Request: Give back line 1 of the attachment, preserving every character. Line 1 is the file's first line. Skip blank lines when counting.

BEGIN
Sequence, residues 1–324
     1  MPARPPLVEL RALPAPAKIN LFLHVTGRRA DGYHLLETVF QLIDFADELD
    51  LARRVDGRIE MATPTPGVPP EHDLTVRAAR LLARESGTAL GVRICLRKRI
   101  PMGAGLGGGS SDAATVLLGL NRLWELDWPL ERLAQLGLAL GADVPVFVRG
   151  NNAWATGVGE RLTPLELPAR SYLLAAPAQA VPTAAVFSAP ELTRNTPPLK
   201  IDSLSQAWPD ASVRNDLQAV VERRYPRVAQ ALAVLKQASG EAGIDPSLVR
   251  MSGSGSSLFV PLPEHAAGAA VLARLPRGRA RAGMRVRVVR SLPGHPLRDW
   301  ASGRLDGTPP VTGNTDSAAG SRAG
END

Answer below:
Sequence, residues 1–324